Red Star Mortgage Corporation v. Branch, et al, No. 1:2016mc00046 - Document 14 (D.N.M. 2017)

Court Description: MEMORANDUM OPINION AND ORDER denying as moot 8 Opposed MOTION to Alter Judgment and transferring case to USDC for the Eastern District of Pennsylvania by Chief Judge M. Christina Armijo. (vv)
Download PDF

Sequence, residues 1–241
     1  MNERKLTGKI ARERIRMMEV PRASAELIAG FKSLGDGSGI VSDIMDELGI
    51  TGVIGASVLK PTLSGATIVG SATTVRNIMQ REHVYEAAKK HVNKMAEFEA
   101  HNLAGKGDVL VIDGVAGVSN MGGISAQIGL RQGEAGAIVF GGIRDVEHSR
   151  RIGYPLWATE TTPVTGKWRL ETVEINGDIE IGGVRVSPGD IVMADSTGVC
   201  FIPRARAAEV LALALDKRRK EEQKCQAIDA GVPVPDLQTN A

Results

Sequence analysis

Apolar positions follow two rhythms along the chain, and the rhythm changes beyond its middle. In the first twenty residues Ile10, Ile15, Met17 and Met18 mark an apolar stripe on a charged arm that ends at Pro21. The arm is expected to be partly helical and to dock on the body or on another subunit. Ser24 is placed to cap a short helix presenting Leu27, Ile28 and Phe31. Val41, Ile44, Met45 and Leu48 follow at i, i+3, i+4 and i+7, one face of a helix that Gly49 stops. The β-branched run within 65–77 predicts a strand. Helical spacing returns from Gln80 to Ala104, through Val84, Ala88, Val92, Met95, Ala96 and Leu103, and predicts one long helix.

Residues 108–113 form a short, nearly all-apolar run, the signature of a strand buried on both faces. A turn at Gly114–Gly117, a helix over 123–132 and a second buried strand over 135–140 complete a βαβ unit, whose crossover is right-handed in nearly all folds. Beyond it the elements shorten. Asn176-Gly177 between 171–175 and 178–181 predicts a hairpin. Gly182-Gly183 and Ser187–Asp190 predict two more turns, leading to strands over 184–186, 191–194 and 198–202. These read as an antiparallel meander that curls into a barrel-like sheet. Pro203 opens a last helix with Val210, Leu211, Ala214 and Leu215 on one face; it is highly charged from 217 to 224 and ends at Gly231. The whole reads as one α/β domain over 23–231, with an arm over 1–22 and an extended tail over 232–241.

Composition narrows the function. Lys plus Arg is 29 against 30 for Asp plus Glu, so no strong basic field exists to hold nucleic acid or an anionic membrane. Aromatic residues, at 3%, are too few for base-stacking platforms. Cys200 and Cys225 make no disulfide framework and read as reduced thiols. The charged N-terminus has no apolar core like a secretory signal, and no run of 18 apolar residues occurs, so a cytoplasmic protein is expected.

Red Star Mortgage Corporation v. Branch, et al Doc. 14 IN THE UNITED STATES DISTRICT COURT FOR THE DISTRICT OF NEW MEXICO Red Star Mortgage Corporation, Plaintiff/Judgment Creditor v. No. 16-mc-00046-MCA Michael Branch; Branch Realty, LLC; Xacattack, LLC f/k/a Renaissance Properties, LLC, and Branch Realty Commercial Advisors, Defendants/Judgment Debtors. MEMORANDUM OPINION AND ORDER THIS MATTER is before the Court on Motion of Michael Branch and Branch Realty, LLC to Remove Default Judgment from Registration with New Mexico Courts and for Stay of Execution of Judgment, filed January 31, 2017. [Doc. 8] The Court has considered the parties’ submissions, the relevant law, and is otherwise fully advised in the premises. For the reasons that follow, the Motion is not well taken and shall be DENIED without prejudice to Defendants’ ability to pursue the requested relief in the Eastern District of Pennsylvania. BACKGROUND This case began when Plaintiff/Judgment Creditor Red Star Mortgage Corporation (Red Star) filed a complaint in a Pennsylvania county court, which was later removed to a court within the Eastern District of Pennsylvania (EDPA), alleging, among other things, non-payment of a commission in connection with refinancing a real estate project (the Market Station at Santa Fe Railyards) in Santa Fe, New Mexico. [Doc. 9-1 p. 7; Doc. 9-6 1 Dockets.Justia.com p. 2] Red Star is financial company in Pennsylvania. [Doc. 10-1 p. 2] Allen Branch (Michael Branch’s son) allegedly entered into an agreement with Red Star for the Santa Fe real estate project, the breach of which led to Red Star’s lawsuit. [Doc. 10-1] In the original complaint, Branch Realty Commercial Advisors, Allen Branch, and Xacattack, LLC (an LLC of which Allen Branch is the sole member), were named as defendants, but Michael Branch and Branch Realty were not. [Doc. 9-1 p. 8; Doc. 9-7 p. 2; Doc. 9-3 p. 27-28] After the case was removed to the EDPA, Red Star filed a second amended complaint naming the same relevant parties as defendants. [Doc. 9-1 p. 9] A third amended complaint added Michael Branch and Branch Realty, LLC, as defendants. [Doc. 9-7 p. 4] There is conflicting information in the record about the nature of Branch Realty as a business, and Allen and Michael Branch’s respective roles in the ownership and control of the business. For instance, the present Motion is brought by “Michael Branch and Branch Realty, LLC.” [Doc. 8 p. 1] And in a declaration submitted to the EDPA, Michael Branch stated that “Branch Realty, LLC is a New Mexico Limited Liability Company organized in 2001. I am the sole member of Branch Realty, LLC[.]” [Doc. 9-7 p. 4] In an affidavit submitted to the EDPA, however, Michael Branch described “Branch Realty” as a sole proprietorship in Santa Fe, New Mexico which sometimes uses the name “Branch Realty Commercial Advisors” as a description of its services, and which is owned by Michael Branch. [Doc. 9-6 p. 7] And, in an affidavit submitted to the EDPA, Allen Branch represented himself as “a principal member of Defendant Branch Realty LLC d/b/a Branch Realty Commercial Advisors[,]” but his assertion is 2 contradicted by another affidavit by Michael Branch which states that “Allen Branch is an associate broker with Branch Realty but has no ownership interest in Branch Realty, no management authority over Branch Realty, and no authority to bind me or Branch Realty to any contractual obligations[.]” [Doc. 9-2 p. 26; Doc. 9-3 p. 27] Thus, it is far from clear what Michael and Allen Branch’s respective roles are in the Branch business, which may be an LLC or a sole proprietorship. Two months after Red Star filed its second amended complaint naming Branch Realty Commercial Advisors as a defendant, “Michael Branch d/b/a Branch Realty” filed a complaint for declaratory relief against Red Star Mortgage and Allen Branch (among others) in the First Judicial District Court in Santa Fe (the Santa Fe district court). [Doc. 8-1; Doc. 9-6 p. 3, 7] The complaint represented that “[a]n actual case and controversy exists as to whether Michael Branch [is] indirectly named as a party to the Litigation” (a reference to Red Start’s lawsuit then underway in the EDPA). [Doc. 8-1 p. 3] It continued: [i]f it is determined that there is an attempt to join Michael Branch as a party to the [l]itigation through naming Branch Realty Commercial Advisors, then this Court should determine that there is no jurisdiction in courts of Pennsylvania over Michael Branch relating to the [l]itigation, as Michael Branch has insufficient contacts with . . . Pennsylvania which would submit him to its courts’ jurisdiction. Wherefore, Michael Branch prays that this [c]ourt declare that Michael Branch is not a party to the [l]itigation or, in the alternative, that there is no jurisdiction over him in Pennsylvania courts[.] 3 [Doc. 8-1 p. 4] Approximately nine months later, on December 16, 2016, the Santa Fe district court entered a default judgment against Red Star, which had not entered an appearance in the matter, declaring: . . . That Michael Branch personally or through any entity with which he is associated, including Branch Realty, Branch Realty LLC or Branch Realty Commercial Advisors, has had no contacts with the State of Pennsylvania. . . . That Michael Branch personally or through any entity with which he is associated, including Branch Realty, Branch Realty LLC or Branch Realty Commercial Advisors, has had no involvement with . . . Red Star Mortgage[.] [and] . . . That Michael Branch personally or through any entity with which he is associated, including Branch Realty, Branch Realty LLC or Branch Realty Commercial Advisors, is not bound by any actions of Allen Branch and specifically by any actions or representations made by Allen Branch relating to Red[ S]tar Mortgage Corporation[.] [Doc. 8-5 p. 2] In the meantime, however, the case in the EDPA was proceeding and Michael Branch involved himself in the proceedings. In April of 2016, the EDPA entered a default for failure to appear, in relevant part, against Branch Realty Commercial Advisors and Xacattack, LLC. [Doc. 9-1 p. 10] Days later, Michael Branch, through a Pennsylvania law firm called Montgomery McCracken Walker & Rhoads, LLP (“the Montgomery firm”), moved to set aside the default of Branch Realty Commercial Advisors. [Doc. 9-2] The motion was titled “Motion of Michael Branch d/b/a Branch Realty to Set Aside Default of Branch Realty Commercial Advisors and for Leave to File Motion to Dismiss.” The motion was made pursuant to Federal Rule of Civil 4 Procedure 55(c) (which permits a court to set aside a default judgment for “good cause”), and also sought leave to file a motion to dismiss the second amended complaint for lack of personal jurisdiction and, in the alternative, for failure to state a claim. [Doc. 9-2] In a memorandum in support of the motion, Michael Branch argued, among other things, that: he had no contact with Red Star or with the Eastern District of Pennsylvania related to the allegations in Red Star’s second amended complaint; “‘Branch Realty Commercial Advisors’ is a name sometimes used by Branch Realty, which is a Santa Fe, New Mexico sole proprietorship owned and operated by Michael Branch”; and because he was not named personally as a defendant in Red Star’s lawsuit, he “did not consider himself to be at risk of liability either individually or through his sole proprietorship, and further did not realize that a response to the second amended complaint was required.” However, he continued, upon receiving notice of default against Branch Realty Commercial Advisors, he “recognized [that] he should obtain legal advice” and, after doing so, he “promptly moved to set aside the default and for leave to file the [m]otion to [d]ismiss.” [Doc. 9-2 p. 8, 10, 12] In his memorandum, Michael Branch also argued that the EDPA lacked personal jurisdiction over him and Branch Realty. [Doc. 9-2 p. 14] In its response to Michael Branch’s motion, Red Star refuted Michael Branch’s jurisdiction argument, pointing to evidence and legal authority to support its assertion that Michael Branch’s personal jurisdiction challenge was 5 “fallacious” and “futile” and suggesting that the argument should be “denied and ignored” by the EDPA. [Doc. 9-3 p. 9-12] Red Star also requested that the EDPA “join both Branch Realty, LLC and [Michael Branch] [to the litigation because] they all shared in the use of the Branch Realty Commercial Advisors name that they all permitted Allen Branch . . . to utilize on their behalf.” [Doc. 9-3 p. 9] In his reply, Michael Branch both challenged Red Star’s personal jurisdiction argument and consented to Red Star’s request to join him on the condition that the default judgment was set aside and he was granted leave to file a motion to dismiss. [Doc. 9-4 p. 2-8] As to the latter, Michael Branch argued that the EDPA could “resolve [his motion] efficiently and justly by joining Michael Branch d/b/a Branch Realty, vacating the default of Branch Realty, and granting leave for Michael Branch d/b/a Branch Realty to move, as requested in the [m]otion, within seven days to dismiss [Red Star’s] [s]econd [a]mended [c]omplaint as to him, Branch Realty, and ‘Branch Realty Commercial Advisors.’” [Doc. 9-4 p. 4] Upon completion of the foregoing briefing, on May 19, 2016, the EDPA denied without prejudice the “Motion of Michael Branch d/b/a Branch Realty to Set Aside Default of Branch Realty Commercial Advisors and for Leave to File Motion to Dismiss” and, in the same order, granted Red Star leave to file a third amended complaint joining Michael Branch and Branch Realty, LLC, as defendants. [Doc. 9-5 p. 2] Although the matter of personal jurisdiction over Michael Branch and Branch Realty, LLC, had been briefed by both parties, the EDPA did not rule on that issue. Approximately one week later, Red Star filed a 6 motion for default judgment against Allen Branch, Xacattack LLC, and Branch Realty Commercial Advisors. [Doc. 9-1 p. 12] And, approximately two weeks after that, on June 9, 2016, Red Star filed a third amended complaint naming Michael Branch and Branch Realty, LLC, among others, as defendants. [Doc. 9-1 p. 13] Days after Red Star filed its third amended complaint, the Montgomery firm moved to withdraw as attorney for Michael Branch d/b/a Branch Realty [Doc. 9-1 p. 14; Doc. 9-6] In its motion the Montgomery firm acknowledged that: each of Red Star’s complaints had named “Branch Realty Commercial Advisors” as a defendant and that this name is “sometimes used to describe services provided by Branch Realty, which is a sole proprietorship owned and operated by Michael Branch[.]” [Doc. 9-6 p. 3] It further acknowledged that Michael Branch is aware that a motion seeking a default judgment against “Branch Realty Commercial Advisors” is currently pending and aware of the consequences that may flow from entry of a judgment on that motion. He is also aware that on July 9, 2016, Red Star filed a Third Amended Complaint, naming all the existing defendants and adding him individually, and Branch Realty LLC, as defendants. [Doc. 9-6 p. 4] And it provided Michael Branch’s business address and other contact information for the court’s use. [Id.] As to Michael Branch, the Court permitted the Montgomery firm to withdraw as counsel; the Court denied the Montgomery firm’s motion to withdraw as to “Branch Realty” and “Branch Commercial Advisors” Etc.” [Doc. 9-1 p. 15] 7 In August 2016, the EDPA entered an order granting Red Star’s motion for entry of default judgment against Xacattack, LLC and Branch Realty Commercial Advisors in the amount of $163,247.80. [Doc. 9-1 p. 15-16] Shortly thereafter, Red Star filed a motion for default judgment against Michael Branch and Branch Realty, LLC. [Doc. 9-1 p. 16] And, on October 6, 2016, the EDPA entered an order granting Red Star’s Motion for Default Judgment against Michael Branch and Branch Realty, LLC $163,768.64. [Doc. 9-1 p. 17] On December 15, 2016, the proceedings in this Court commenced with Red Star’s registration of its two foreign judgments out of the EDPA: one against Michael Branch; and Branch Realty LLC [Doc. 1]; and one against Xacattack, LLC and Branch Realty Commercial Advisors. [Doc. 2] The next day, as mentioned earlier, the First Judicial District Court in Santa Fe entered a default judgment against “Red Sky [sic] mortgage corporation,” among others, declaring that Michael Branch personally “or through any entity with which he is associated, including Branch Realty, Branch Realty LLC or Branch Realty Commercial Advisors, has had no contacts with the State of Pennsylvania” and he has had no involvement with Red Star Mortgage. [Doc. 8-5] Then, on January 31, 2017, Michael Branch filed the present Motion of Michael Branch and Branch Realty, LLC to Remove Default Judgment from Registration with New Mexico Courts and for 8 Stay of Execution of Judgment seeking to remove from registration the EDPA’s default judgment against Michael Branch and Branch Realty LLC.1 [Doc. 8] As grounds for his Motion Michael Branch (hereinafter “Branch”) argues that the EDPA did not have personal jurisdiction over him or over Branch Realty, LLC., and that he did not respond to Red Star’s third amended complaint in the EDPA because he knew that he had not had sufficient contacts with Red Star or the state of Pennsylvania to establish such jurisdiction. [Doc. 8 p. 1-2] Rather, he contends, he “elected to defend any attempts by Red Star to enforce any Pennsylvania judgment in New Mexico.” [Doc. 8 p. 2] In support of his lack-of-jurisdiction argument, Branch relies upon the default judgment that he obtained in the First Judicial District Court in Santa Fe which, based exclusively upon Branch’s own testimony, declared that Branch personally or through any entity with which he was associated, had no contacts with the state of Pennsylvania or with Red Star. [Doc. 8 p. 7-8] ANALYSIS Rule 55(c) of the Federal Rules of Civil Procedure permits the Court to set aside . . . a final default judgment under Rule 60(b).” In turn, Rule 60(b)(4) permits the Court to relieve a party from a final judgment where the judgment is void. “A default judgment in a civil case is void if there is no personal jurisdiction over the defendant.” Hukill v. 1 On May 15, 2017 Red Star filed an application for writs of execution against Branch Realty Commercial Advisors and Xacattack, LLC, with writs attached as exhibits. [Doc. 13] There are no objections to these writs. 9 Okla. Native Am. Domestic Violence Coal., 542 F.3d 794, 797 (10th Cir. 2008) (alteration omitted). While the Court’s power to vacate its own earlier judgment under Rule 60(b) is unquestioned, “it is unclear whether a court has the power to invoke Rule 60(b) to vacate a judgment when the court in which the judgment is registered (the ‘registering court’) is different from the court that entered the judgment (the ‘rendering’ court).” Budget Blinds, Inc. v. White, 536 F.3d 244, 251 (3rd Cir. 2008). Therefore, “courts of registration presented with Rule 60(b) motions have . . . shown a marked reluctance to entertain them, generally deferring to the rendering courts. These courts have identified several policies which support such deference, the most important of which is the reluctance of any federal court to interfere with the judgment of a court of coordinate level.” Indian Head Nat. Bank of Nashua v. Brunelle, 689 F.2d 245, 249 (1st Cir. 1982). However, several circuits, including our Tenth Circuit, have suggested that while Rule 60(b) motions should generally be made before the rendering court, Rule 60(b)(4) motions seeking relief from default judgments based on lack of personal jurisdiction may be decided by the registering court. Budget Blinds, Inc., 536 F.3d at 253-54; Morris ex rel. Rector v. Peterson, 871 F.2d 948 n.2 (10th Cir. 1989) (recognizing “the general rule that a registration court . . . usually defers on Rule 60(b) motions to the court rendering the judgment”; however exceptions may be made “where there is an allegation that the judgment is void for lack of personal jurisdiction”); Harper Macleod Solicitors v. Keaty & Keaty, 260 F.3d 389, 394 (5th Cir. 2001) (“Typically, relief under Rule 60(b) is sought in the court that rendered the judgment at issue”; however, “registering courts may rely 10 on Rule 60(b)(4) to void a default judgment if the rendering court was without jurisdiction over the defendant.”); Covington Indus., Inc. v. Resintex A.G., 629 F.2d 730, 734 (2d Cir. 1980) (“[P]recedent exists supporting the proposition that Rule 60(b)(4) may be invoked in the registration court to obtain relief from a foreign default judgment attacked as void for lack of personal jurisdiction over the parties against whom it was rendered[.]”); c.f. Best W. Int’l, Inc. v. Super Sunrise, LLC, 710 F.Supp.2d 613, 616 (E.D. Ky. 2008) (citing Board of Trustees v. Elite Erectors, Inc., 212 F.3d 1031, 1034 (7th Cir. 2000) for the proposition that “[o]nly one [c]ircuit, the Seventh Circuit Court of Appeals, has held that Rule 60(b)(4) motions must be presented to the rendering court” (emphasis added)). Thus, in its discretion, a registering court may resolve a motion to void a default judgment pursuant to Rule 60(b)(4) if the motion is based on the contention that the rendering court lacked personal jurisdiction over the defendant.2 Policy reasons exist both favoring and disfavoring a registering court’s resolution of a Rule 60(b)(4) motion brought on the ground that the rendering court lacked personal jurisdiction to enter the default judgment. On one hand, “the longstanding principle that a defendant is always free to ignore the judicial proceedings, risk a default judgment, and then challenge that judgment on jurisdictional grounds in a collateral proceeding” is a good justification for the registering court to resolve the issue of the rendering court’s personal jurisdiction. Budget Blinds, Inc., 536 F.3d at 259 (alteration omitted). This is 2 This proposition is subject to the obvious caveat that the doctrine of issue preclusion and the duty of courts to accord full faith and credit to the judgments of other courts would bar a court from deciding a personal jurisdiction issue that had been litigated and decided in an earlier proceeding. See Drexler v. Kozloff, 210 F.3d 389, *3-4 (10th Cir. 2000). 11 particularly so “when the rendering court enters a default judgment based on nothing but one party's failure to appear[,]” because under those circumstances, the rendering court will not have addressed the jurisdiction issue, id. (italics omitted), and “the rendering court necessarily is relatively unfamiliar with the merits of the case[.]” Best W. Int'l, Inc., 710 F. Supp. 2d at 617–18. On the other hand, the foremost reason disfavoring such action by the registering court is “the reluctance of any federal court to interfere with the judgment of a court of coordinate level.” Brunelle, 689 F.2d at 249. Other reasons include the furtherance of comity among the federal district courts by referring questions of relief from the judgment to the rendering court; the efficiency that stems from a registering court’s deference to the original court, which is likely to be more familiar with the issues raised by the motion for relief from judgment; and the furtherance of the registration statute’s purpose, which is to simplify the collection of judgments. Id. In sum, “[t]hough judicial efficiency and comity among district courts often counsel a registering court to defer ruling on Rule 60(b) motions in favor of the rendering court, deference is less appropriate when the challenged judgment was issued without the benefit of argument from one party and the basis for the 60(b) challenge is jurisdictional.” Harper Macleod Solicitors, 260 F.3d at 395 (5th Cir. 2001) (citation omitted). Under the particular circumstances of this case, judicial efficiency and comity warrant this Court’s deference to the EDPA on the matter of that court’s personal jurisdiction over Branch and Branch Realty, LLC. This is not a circumstance in which the rendering court (the EDPA), lacking familiarity with the facts and circumstances of 12 the case, the parties, and their respective positions on the matter of the EDPA’s personal jurisdiction over Michael Branch and Branch Realty, LLC, entered a default judgment based merely on Branch’s failure to appear. Nor is this a circumstance in which Branch and Branch Realty, LLC “ignore[d] the judicial proceedings” in the EDPA and thereby suffered default judgment that he now seeks to challenge. To the contrary, Michael Branch, represented by the Montgomery firm, inserted himself into the proceedings in the EDPA by filing a motion seeking to set aside the court’s default judgment against Branch Realty Commercial Advisors and also seeking leave to file a motion to dismiss Red Star’s second amended complaint for lack of personal jurisdiction and failure to state a claim. [Doc. 9-2] In a concomitant memorandum to that court, Michael Branch argued that the EDPA lacked personal jurisdiction over him and Branch Realty. [Doc. 9-2 p. 14] Continuing his involvement in the proceedings, in a reply to Red Star’s response, Branch continued to challenge the EDPA’s personal jurisdiction over him, and also consented to Red Star’s request to join him as a defendant in its lawsuit. [Doc. 9-4 p. 2-8] To that end, Branch represented to the EDPA it could “resolve [his motion] efficiently and justly by joining [him] d/b/a Branch Realty, vacating the default of Branch Realty, and granting leave for [him] d/b/a Branch Realty to move . . . within seven days to dismiss [Red Star’s] [s]econd [a]mended [c]omplaint as to him, Branch Realty, and ‘Branch Realty Commercial Advisors.’” [Doc. 9-4 p. 4] That Branch was simultaneously pursuing a complaint for declaratory relief against Red Star Mortgage and Allen Branch (among others) in the Santa Fe district court, and that he had the Montgomery firm withdraw from representing him and thereafter ignored the EDPA proceedings when the EDPA did 13 not resolve his motion in the exact manner that he specified, strikes this Court as a type of maneuver that is not aligned with the policies justifying a registering court’s consideration of motions brought pursuant to Rule 60(b)(4). [Doc. 8-1; Doc. 9-6 p. 3, 7] In light of the EDPA’s familiarity with the facts of this case, the parties’ respective arguments concerning the EDPA’s personal jurisdiction over Branch and Branch Realty, LLC, and the necessity of discussion and consideration of Pennsylvania’s long-arm statute and the Pennsylvania cases that interpret it to resolve the matter, the Court declines to rule upon the issue of the EDPA’s personal jurisdiction over Branch and Branch Realty, LLC related to Red Star’s litigation. See Best W. Int'l, Inc, 710 F. Supp. 2d at 618 (noting the necessary “discussion and consideration of the Arizona long-arm statute and the Arizona cases which interpret it” as one reason for referring a Rule 60(b)(4) motion to the rendering court). To the extent that Branch intends to pursue this Motion, he may do so in the EDPA, which for all of the foregoing reasons is a more suitable forum therefor. See Covington Indus., Inc., 629 F.2d at 738 (Lumbard, J., concurring) (recognizing the registering court’s discretion to hold that the rendering court is a more suitable forum for the Rule 60(b)(4) motion). CONCLUSION For the reasons stated herein, IT IS ORDERED that: 1. The Clerk is of this Court is directed to TRANSFER this case to the U.S. District Court for the Eastern District of Pennsylvania, and to transmit a certified copy of the entire record to that court. 14 2. The Motion of Michael Branch and Branch Realty, LLC to Remove Default Judgment from Registration with New Mexico Courts and for Stay of Execution of Judgment, filed January 31, 2017, [Doc. 8] is hereby DENIED WITHOUT PREJUDICE to the extent that it seeks relief from the declaratory judgment. Michael Branch and Branch Realty, LLC may pursue this Motion in the U.S. District Court for the Eastern District of Pennsylvania. 3. The Motion of Michael Branch and Branch Realty, LLC to Remove Default Judgment from Registration with New Mexico Courts and for Stay of Execution of Judgment, filed January 31, 2017, [Doc. 8] is hereby DENIED AS MOOT to the extent that it seeks to stay execution of the Default Judgment against Michael Branch and Branch Realty, LLC. 4. Although there are no objections to the writs of execution against Branch Realty Commercial Advisors and Xacattack, LLC [Doc. 13], issuance of these writs of execution shall be stayed pending adjudication of the merits of the jurisdiction issue discussed herein by the Court in the Eastern District of Pennsylvania. SO ORDERED this 19th day of September, 2017 in Albuquerque, New Mexico. _____________________________ M. CHRISTINA ARMIJO Chief United States District Judge 15